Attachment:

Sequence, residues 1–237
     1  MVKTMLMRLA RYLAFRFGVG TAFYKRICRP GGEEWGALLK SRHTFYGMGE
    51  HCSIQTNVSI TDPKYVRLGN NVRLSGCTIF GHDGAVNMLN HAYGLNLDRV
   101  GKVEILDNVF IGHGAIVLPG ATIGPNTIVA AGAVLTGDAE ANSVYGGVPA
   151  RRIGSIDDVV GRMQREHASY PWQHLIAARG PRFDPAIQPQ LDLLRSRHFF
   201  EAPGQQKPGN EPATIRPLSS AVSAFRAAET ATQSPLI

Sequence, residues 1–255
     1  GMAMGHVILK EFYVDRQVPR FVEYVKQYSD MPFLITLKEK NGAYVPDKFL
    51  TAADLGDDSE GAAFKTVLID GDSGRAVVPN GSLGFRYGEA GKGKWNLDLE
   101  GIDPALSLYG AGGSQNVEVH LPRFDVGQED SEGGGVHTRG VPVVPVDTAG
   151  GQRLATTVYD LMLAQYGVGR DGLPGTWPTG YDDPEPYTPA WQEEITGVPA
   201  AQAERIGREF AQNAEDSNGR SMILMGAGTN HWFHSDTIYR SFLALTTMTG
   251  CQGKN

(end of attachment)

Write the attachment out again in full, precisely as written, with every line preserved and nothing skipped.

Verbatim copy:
Sequence, residues 1–237
     1  MVKTMLMRLA RYLAFRFGVG TAFYKRICRP GGEEWGALLK SRHTFYGMGE
    51  HCSIQTNVSI TDPKYVRLGN NVRLSGCTIF GHDGAVNMLN HAYGLNLDRV
   101  GKVEILDNVF IGHGAIVLPG ATIGPNTIVA AGAVLTGDAE ANSVYGGVPA
   151  RRIGSIDDVV GRMQREHASY PWQHLIAARG PRFDPAIQPQ LDLLRSRHFF
   201  EAPGQQKPGN EPATIRPLSS AVSAFRAAET ATQSPLI

Sequence, residues 1–255
     1  GMAMGHVILK EFYVDRQVPR FVEYVKQYSD MPFLITLKEK NGAYVPDKFL
    51  TAADLGDDSE GAAFKTVLID GDSGRAVVPN GSLGFRYGEA GKGKWNLDLE
   101  GIDPALSLYG AGGSQNVEVH LPRFDVGQED SEGGGVHTRG VPVVPVDTAG
   151  GQRLATTVYD LMLAQYGVGR DGLPGTWPTG YDDPEPYTPA WQEEITGVPA
   201  AQAERIGREF AQNAEDSNGR SMILMGAGTN HWFHSDTIYR SFLALTTMTG
   251  CQGKN